Alaska Airlines is apologizing for an overbooking situation in which a gay couple was asked to relinquish their seats to a heterosexual pair.
“We mistakenly booked two people in one seat. We are deeply sorry for the situation, and are investigating the details,” the carrier said in a statement, adding that it has a “zero-tolerance policy for discrimination of any kind.”
Later, the carrier said, “”This unfortunate incident was caused by a seating error, compounded by a full flight and a crew seeking an on-time departure and nothing more than that. It’s our policy to keep all families seated together whenever possible; that didn’t happen here and we are deeply sorry for the situation. We’ve reached out to Mr. Cooley to offer our sincere apologies for what happened and we are seeking to make it right.
“Diversity and inclusion are part of the fabric of Alaska Airlines. We are an airline for everyone and reflect these values through our work with dozens of nonprofit LGBTQ organizations, Pride Parades along the West Coast and a perfect score in the HRC’s Equality Index. We’ll keep building on this commitment, with our employee-led LGBTQ business resource group.”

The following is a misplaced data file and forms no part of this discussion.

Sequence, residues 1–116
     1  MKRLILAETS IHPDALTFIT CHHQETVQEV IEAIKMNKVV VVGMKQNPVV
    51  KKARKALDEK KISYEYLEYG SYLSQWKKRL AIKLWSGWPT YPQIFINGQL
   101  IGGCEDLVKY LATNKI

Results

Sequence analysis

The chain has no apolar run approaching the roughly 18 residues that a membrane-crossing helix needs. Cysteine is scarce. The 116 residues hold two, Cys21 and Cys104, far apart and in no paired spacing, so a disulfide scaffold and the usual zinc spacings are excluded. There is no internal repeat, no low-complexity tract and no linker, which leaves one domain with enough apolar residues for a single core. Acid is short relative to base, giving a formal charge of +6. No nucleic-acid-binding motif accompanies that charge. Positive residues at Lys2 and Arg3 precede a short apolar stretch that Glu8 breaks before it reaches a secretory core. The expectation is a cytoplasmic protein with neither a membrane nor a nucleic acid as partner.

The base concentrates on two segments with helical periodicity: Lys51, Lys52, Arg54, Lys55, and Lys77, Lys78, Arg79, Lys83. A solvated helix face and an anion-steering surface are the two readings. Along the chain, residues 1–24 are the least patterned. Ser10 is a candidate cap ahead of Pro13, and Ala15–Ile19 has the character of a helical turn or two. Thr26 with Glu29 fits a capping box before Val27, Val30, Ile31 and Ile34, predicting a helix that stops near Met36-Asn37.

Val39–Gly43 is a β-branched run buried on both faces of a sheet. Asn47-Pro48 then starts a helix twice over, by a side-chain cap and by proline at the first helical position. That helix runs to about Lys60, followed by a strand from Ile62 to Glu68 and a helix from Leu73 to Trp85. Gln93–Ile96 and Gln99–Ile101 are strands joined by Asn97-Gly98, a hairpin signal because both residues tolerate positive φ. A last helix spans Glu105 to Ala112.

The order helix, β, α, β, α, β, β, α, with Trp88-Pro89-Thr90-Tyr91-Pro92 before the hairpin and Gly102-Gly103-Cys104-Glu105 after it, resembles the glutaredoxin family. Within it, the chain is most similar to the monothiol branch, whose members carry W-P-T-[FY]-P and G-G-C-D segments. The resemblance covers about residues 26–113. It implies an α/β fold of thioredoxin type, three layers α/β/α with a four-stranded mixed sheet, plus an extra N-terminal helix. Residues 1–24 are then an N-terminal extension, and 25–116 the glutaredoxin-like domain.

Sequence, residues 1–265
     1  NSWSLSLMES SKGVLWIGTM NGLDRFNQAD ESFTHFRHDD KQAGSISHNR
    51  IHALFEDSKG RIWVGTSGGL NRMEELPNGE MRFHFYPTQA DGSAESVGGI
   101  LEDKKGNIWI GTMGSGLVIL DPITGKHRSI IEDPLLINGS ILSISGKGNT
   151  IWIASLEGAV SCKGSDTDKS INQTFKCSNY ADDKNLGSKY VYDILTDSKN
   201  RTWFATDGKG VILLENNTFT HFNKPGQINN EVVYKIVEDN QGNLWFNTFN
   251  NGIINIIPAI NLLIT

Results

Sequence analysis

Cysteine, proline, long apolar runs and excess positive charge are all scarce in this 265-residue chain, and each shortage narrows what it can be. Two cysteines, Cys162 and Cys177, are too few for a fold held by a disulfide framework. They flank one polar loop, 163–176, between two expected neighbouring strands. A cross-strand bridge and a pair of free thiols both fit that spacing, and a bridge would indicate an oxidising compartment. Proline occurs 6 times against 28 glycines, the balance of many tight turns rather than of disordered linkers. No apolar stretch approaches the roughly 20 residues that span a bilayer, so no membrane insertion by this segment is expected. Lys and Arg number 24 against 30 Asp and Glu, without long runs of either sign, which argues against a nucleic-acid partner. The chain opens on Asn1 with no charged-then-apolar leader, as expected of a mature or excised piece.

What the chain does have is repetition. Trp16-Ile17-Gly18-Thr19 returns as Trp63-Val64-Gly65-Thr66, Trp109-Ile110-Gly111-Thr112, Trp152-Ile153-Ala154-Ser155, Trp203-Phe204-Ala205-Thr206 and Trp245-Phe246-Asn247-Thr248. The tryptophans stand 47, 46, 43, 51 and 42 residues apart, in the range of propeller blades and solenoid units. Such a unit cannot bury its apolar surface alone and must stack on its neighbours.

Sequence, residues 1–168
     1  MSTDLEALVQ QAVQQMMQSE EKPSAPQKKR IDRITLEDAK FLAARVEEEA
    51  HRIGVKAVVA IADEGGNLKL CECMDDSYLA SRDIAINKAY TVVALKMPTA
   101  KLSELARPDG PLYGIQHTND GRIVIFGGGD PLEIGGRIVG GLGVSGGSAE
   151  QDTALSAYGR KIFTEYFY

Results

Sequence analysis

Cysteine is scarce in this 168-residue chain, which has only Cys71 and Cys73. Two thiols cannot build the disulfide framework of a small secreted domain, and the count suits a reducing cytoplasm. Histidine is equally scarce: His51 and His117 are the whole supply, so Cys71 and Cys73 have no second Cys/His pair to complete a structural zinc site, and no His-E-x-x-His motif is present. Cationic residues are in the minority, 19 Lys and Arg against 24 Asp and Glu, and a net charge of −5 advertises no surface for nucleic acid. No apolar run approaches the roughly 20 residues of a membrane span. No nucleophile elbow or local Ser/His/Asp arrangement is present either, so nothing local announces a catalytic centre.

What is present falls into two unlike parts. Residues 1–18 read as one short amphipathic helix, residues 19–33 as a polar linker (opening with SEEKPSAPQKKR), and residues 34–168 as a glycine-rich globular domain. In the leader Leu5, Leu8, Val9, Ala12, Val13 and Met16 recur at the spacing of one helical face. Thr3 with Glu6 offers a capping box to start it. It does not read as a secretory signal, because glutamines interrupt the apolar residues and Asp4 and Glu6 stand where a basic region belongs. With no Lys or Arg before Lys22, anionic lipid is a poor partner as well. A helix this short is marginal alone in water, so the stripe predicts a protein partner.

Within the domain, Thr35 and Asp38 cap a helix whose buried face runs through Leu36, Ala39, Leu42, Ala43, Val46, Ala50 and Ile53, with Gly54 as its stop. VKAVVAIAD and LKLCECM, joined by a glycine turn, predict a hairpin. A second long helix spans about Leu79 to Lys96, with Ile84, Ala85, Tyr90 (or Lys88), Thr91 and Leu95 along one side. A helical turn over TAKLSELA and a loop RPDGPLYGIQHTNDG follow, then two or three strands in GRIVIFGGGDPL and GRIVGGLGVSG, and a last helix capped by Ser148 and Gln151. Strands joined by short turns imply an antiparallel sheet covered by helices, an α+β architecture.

The apologies came after Los Angeles restaurant owner David Cooley took to Facebook on Sunday to vent about his experience on an Alaska Airlines flight bound from New York’s John F. Kennedy International Airport to Los Angeles International Airport.
“After my traveling companion and I had been seated in our assigned seats for a while, we were approached by the flight attendant and my companion was asked to move from his premium seat to coach, so a couple could sit together. I explained that we were a couple and wanted to sit together. He was given a choice to either give up the premium seat and move to coach or get off the plane,” Cooley, owner of the iconic LA gay bar The Abbey wrote in a Facebook post shared more 2,100 times.
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SOURCE: CBS News, Kate Gibson